President Barack Obama calls the individual mandate provision of his health care bill a "penalty." Mitt Romney calls it a "tax." The Supreme Court said it is constitutional under Congress' taxation power. But does the name used really matter?
The simple answer to the latter question is "no." Whether called a tax or a penalty, the fee paid to the IRS by anyone who does not have health insurance after 2014 will be assessed and collected in the same manner, the Supreme Court said.
But both the President and his Republican rival have begun a battle over semantics that has made the naming convention of this provision a linguist's dream and a layman's nightmare.
Simply put, both men are trying to use the term "tax" or "penalty" to support their stance on health care and make the other look bad politically. The Romney campaign wants to frame the fee as a broad-based tax that will cost the average American dearly. The Obama campaign wants to frame the fee as a penalty to be paid by the one percent of people driving up health care costs by not having insurance.
Therefore, the debate raging right now is simply one of general electioneering and not one of substance. To get a better idea of the most accurate portrayal of the fee, let us look at the Supreme Court ruling on the Affordable Care Act (ACA).
In the official ruling released June 28, Chief Justice Roberts concluded, "The individual mandate may be upheld as within Congress's power under the Taxing Clause."
This simply means Congress may require the payment of the fee under their overall power to pass and enact taxes. But does this mean the fee is actually a tax? On this, the ruling is less clear.
Roberts argued in his opinion that the fee can be included under Congress' taxing authority because it looks like a tax in many ways, including its manner of collection (paid in one's annual tax payment to the IRS). Roberts also said using the word "penalty" usually denotes a criminal act could be committed, whereas not paying the individual mandate fee would not be considered a felony. Therefore, the fee could be considered a tax.
But here is where detail matters. Roberts continually says the characterization of the fee matters, but only when one is making the argument for its constitutionality, not for its overall functionality. In fact, he repeatedly uses the words "can," "could" and "may" to describe how the fee might be characterized, making it clear the fee could - but does need not be - considered a tax.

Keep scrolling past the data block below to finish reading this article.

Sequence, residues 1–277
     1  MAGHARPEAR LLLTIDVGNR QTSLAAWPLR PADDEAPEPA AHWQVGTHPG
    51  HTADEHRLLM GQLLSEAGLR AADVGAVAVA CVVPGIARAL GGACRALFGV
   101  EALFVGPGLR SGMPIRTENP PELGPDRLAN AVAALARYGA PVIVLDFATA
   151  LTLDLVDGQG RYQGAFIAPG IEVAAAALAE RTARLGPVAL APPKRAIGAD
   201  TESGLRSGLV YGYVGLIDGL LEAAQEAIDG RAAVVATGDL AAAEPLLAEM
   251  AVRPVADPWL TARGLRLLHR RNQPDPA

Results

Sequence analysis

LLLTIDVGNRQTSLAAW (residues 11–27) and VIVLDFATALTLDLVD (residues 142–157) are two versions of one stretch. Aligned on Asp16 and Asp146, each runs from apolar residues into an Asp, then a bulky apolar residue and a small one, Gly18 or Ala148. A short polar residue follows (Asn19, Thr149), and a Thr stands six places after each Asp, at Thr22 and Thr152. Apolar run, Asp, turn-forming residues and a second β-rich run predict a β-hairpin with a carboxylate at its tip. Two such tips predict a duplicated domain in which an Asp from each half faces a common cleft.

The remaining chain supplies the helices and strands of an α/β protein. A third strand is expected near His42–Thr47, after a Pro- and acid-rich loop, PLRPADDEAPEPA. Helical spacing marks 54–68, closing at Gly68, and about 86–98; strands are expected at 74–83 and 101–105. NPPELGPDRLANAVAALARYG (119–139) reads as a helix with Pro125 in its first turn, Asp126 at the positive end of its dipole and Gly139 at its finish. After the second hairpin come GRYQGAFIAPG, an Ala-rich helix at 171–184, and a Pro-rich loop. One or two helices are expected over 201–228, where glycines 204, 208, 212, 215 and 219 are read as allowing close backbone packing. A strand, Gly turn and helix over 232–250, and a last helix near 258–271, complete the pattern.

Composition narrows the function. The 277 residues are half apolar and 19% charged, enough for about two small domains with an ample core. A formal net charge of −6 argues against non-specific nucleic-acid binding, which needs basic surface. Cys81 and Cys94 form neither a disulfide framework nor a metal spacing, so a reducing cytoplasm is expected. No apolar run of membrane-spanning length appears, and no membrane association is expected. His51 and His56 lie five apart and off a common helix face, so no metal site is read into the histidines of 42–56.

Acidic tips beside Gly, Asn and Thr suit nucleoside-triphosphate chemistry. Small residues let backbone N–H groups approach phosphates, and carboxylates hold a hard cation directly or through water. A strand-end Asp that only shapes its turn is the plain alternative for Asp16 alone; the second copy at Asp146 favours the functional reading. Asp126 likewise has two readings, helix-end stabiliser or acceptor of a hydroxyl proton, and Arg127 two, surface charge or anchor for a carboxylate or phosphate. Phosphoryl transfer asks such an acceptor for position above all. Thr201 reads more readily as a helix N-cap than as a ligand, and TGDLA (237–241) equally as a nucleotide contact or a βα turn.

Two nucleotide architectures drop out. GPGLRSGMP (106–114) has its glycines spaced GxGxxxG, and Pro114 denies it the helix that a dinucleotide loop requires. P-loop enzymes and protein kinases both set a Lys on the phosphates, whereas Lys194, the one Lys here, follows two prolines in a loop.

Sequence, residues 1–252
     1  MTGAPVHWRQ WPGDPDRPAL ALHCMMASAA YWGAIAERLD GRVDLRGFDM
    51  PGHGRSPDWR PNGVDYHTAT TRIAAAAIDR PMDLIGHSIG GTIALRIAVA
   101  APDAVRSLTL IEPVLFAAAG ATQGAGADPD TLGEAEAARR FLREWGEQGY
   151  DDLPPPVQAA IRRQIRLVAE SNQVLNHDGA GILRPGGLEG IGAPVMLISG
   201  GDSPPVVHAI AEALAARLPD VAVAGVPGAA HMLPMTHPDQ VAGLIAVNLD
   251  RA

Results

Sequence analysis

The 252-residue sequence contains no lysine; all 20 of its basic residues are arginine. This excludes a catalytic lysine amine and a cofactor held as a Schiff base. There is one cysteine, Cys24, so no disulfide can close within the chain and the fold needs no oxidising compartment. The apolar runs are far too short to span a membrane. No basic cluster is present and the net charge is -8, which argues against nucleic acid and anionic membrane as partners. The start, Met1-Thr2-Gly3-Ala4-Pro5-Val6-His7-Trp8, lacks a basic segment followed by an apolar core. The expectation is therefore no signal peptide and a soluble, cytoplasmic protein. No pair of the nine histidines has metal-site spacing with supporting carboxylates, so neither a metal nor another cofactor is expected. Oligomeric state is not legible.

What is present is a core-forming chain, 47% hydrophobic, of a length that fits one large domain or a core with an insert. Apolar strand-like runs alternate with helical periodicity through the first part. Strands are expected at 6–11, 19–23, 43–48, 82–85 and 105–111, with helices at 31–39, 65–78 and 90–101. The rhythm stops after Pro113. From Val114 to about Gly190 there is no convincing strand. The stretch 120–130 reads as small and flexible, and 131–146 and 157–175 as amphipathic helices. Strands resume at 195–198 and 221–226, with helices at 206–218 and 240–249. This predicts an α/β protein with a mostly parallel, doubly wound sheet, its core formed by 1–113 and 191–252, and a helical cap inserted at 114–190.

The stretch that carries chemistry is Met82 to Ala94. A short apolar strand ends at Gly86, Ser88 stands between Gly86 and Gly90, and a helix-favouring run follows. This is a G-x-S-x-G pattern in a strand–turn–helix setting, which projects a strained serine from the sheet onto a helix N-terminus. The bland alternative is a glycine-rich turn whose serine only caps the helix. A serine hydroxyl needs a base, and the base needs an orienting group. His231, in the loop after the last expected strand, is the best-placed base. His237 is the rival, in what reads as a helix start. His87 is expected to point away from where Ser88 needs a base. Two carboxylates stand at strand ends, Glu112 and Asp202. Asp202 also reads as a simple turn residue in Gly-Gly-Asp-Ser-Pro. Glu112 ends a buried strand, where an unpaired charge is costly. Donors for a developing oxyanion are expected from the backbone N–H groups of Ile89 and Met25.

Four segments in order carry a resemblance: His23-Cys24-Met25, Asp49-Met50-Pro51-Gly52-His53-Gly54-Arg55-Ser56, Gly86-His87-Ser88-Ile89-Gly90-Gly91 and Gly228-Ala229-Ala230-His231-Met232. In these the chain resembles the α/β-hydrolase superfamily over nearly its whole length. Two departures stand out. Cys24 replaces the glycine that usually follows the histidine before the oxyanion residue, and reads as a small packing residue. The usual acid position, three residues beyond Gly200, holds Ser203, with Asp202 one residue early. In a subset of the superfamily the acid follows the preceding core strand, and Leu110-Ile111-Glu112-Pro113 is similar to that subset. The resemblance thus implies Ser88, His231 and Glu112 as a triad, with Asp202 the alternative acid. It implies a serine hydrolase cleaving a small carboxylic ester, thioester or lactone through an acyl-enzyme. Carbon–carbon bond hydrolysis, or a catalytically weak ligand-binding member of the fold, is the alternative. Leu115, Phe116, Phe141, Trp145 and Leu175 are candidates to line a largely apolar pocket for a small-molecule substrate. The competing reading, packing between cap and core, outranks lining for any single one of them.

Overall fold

"The Affordable Care Act's requirement that certain individuals pay a financial penalty for not obtaining health insurance may reasonably be characterized as a tax," Roberts wrote in his opinion.
Roberts goes onto note, "Section 5000A(g)(1) specifies that the penalty for not complying with the mandate 'shall be assessed and collected in the same manner as an assessable penalty'...[which], in turn, 'shall be assessed and collected in the same manner as taxes.'"
Therefore, the penalty and tax in this case are one and the same in their assessment and collection, Roberts shows. Therefore naming convention, while important politically, means nothing substantially.
Until Monday, both Mitt Romney and his senior campaign advisor Eric Fehrnstrom continually characterized the fee as a penalty. But after the president's re-election campaign began to characterize the fee as a penalty, and not a broad-based tax, the Republican establishment quickly back-tracked.
"Our position is the same as Mitt Romney's position. It's a tax," Republican National Committee (RNC) Chairman Reince Priebus said Monday. A short time later, Romney changed his own characterization.
"The Supreme Court has spoken and while I agreed with the dissent, that's taken over by the fact that the majority of the court said that it's a tax and therefore it is a tax," Romney said Wednesday in an appearance on CBS.
The Obama campaign hasn't stopped fanning the semantics flame either, coming out multiple times this week in opposition to the individual mandate provision being called a tax. At various times this week, the campaign has said the Supreme Court agrees with their "penalty" characterization.
"As a matter of policy, it is simply a fallacy to say that this is a broad-based tax. That's not what the opinion stated that was authored by the Chief Justice," White House spokesman Jay Carney told reporters Thursday. "The Affordable Care Act is constitutional under Congress's taxing authority, but this is clearly a penalty that affects less than 1 percent of the American population."
"[The health care situation in America is] really the question we should be dealing with now, not this silly debate," new traveling campaign Press Secretary Jen Psaki said in the same briefing, adding that Romney's own Massachusetts health care law also included such a fee, which the former governor then called a "penalty."
"It's clear that he is being impacted by the push from the right, the Rush Limbaughs of the world, congressional Republicans, who are pushing him to go back on a decision and a defense that he's had in place for years," Psaki added.
Pundits have also jumped on the naming debacle, saying the manner in which the fee is referred does not matter in the larger scheme. Some bloggers have even started coining new terms, such as "penaltax" and "taxalty" to make light of the debate.
But however the fee ends up being characterized, substantially, it does not matter and the Supreme Court ruling was not passing judgment on its efficacy.
"Because the Constitution permits such a tax, it is not our role to forbid it, or to pass upon its wisdom or fairness," the Chief Justice wrote in his ruling.
by RTT Staff Writer
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